Prayer Is a Lifestyle
Prayer should become such an integral part of our being that if we forget to pray, or if we are late in keeping our appointment to meet with our friend, we feel we have missed something important. Unending communication with God is a worthy goal. He longs to hear from us. He wants to spend time with us. We benefit from spending time conversing with our Father. We benefit when we are still before the Almighty, listening for his voice.
Take time to be alone with God. If we are too tired from our busy days to speak with him before we turn in for the night, perhaps we need to clear the clutter from our schedules. Does the television need to be turned off? Do extra activities that consume us need to be curtailed? Do we need to disconnect from the computer and our social networking? If we ask him, the author of our days will show us what is important, and what is not.
We are careful to set appointments and pencil them into our day planners. Shouldn’t we do the same with our prayer time? That might mean setting the alarm 30 minutes earlier to have quiet time before the rest of the family wakes up. Or it might mean staying up after everyone else has gone to bed. Jesus set the example for us. He rose early in the morning to pray. And he prayed throughout the night.
Although we are told to pray in our rooms with the door shut, praying without ceasing means praying at all times and in all situations. We can pray on our daily walks and during our commutes to and from work. We can pray while cleaning the house and while working on the car. We can pray while standing in line at the grocery store and while waiting for an appointment. The Holy Spirit brings people and issues to our minds, and not always during our scheduled prayer time. We need to listen for his nudging and be ready to pray.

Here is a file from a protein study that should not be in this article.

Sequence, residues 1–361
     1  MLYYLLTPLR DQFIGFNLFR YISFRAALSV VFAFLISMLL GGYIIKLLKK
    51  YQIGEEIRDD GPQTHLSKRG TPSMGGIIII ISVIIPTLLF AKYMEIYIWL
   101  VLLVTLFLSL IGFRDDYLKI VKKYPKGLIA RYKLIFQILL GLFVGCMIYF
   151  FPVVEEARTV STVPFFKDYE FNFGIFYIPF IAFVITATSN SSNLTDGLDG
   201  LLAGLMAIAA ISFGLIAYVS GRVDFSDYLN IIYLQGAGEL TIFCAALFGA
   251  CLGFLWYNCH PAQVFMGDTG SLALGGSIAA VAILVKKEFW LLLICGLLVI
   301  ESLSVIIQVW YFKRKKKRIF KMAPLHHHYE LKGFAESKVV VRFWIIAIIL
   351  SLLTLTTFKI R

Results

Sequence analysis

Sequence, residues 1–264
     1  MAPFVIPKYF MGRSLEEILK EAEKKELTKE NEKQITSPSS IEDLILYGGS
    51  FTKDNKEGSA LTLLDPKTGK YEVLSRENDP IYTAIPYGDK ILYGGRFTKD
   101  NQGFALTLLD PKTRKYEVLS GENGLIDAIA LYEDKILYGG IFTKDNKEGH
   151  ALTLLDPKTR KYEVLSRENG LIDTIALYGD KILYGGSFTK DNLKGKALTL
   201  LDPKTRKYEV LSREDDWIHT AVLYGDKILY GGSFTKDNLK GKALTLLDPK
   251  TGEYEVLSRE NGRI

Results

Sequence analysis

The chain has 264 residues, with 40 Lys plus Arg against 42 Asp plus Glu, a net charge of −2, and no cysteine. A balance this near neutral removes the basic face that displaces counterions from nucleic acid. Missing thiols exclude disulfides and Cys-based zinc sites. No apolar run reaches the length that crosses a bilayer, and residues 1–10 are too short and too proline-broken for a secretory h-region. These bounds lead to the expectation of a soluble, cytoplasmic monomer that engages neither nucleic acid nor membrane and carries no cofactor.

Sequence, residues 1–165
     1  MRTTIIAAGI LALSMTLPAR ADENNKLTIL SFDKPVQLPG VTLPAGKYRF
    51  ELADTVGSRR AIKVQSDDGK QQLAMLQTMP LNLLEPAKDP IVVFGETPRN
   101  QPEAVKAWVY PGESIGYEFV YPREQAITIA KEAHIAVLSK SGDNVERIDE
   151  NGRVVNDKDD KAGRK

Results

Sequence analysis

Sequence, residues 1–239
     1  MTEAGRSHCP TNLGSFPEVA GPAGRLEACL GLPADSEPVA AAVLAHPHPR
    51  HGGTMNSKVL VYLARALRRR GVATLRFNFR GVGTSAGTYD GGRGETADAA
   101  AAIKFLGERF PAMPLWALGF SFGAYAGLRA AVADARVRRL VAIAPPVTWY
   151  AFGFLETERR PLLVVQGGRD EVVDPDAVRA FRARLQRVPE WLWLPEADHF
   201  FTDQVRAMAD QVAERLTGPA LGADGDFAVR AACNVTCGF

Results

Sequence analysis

Talking with God is a privilege. Even though he knows what is on our hearts, and what we have need of before we can form the words, he longs to hear from us. For some of us, the tool of prayer may be well-worn. For others, it may need to be dusted off and put to work. Either way, prayer should become a way of life—the rule rather than the exception. Just like breathing.
Sandy Quandt is a freelance writer in Seabrook, Texas.
Guiding Future Generations in Prayer
Helping Kids Pray
by Katie Barbee
This hands-on book contains 52 types of prayer with examples. Tips are provided to guide leaders and parents as they teach children how to pray.
Praying from the Gut
by Steven James
If you could tell God anything, what would you say? This devotional study of the Psalms helps teens be authentic in communing with God.
I Can Pray
by Jennifer Holder
The story is about a young girl who learns that she can pray to God any time and any place and tell him anything! Give this to a child in your life.
Find out more information on these books: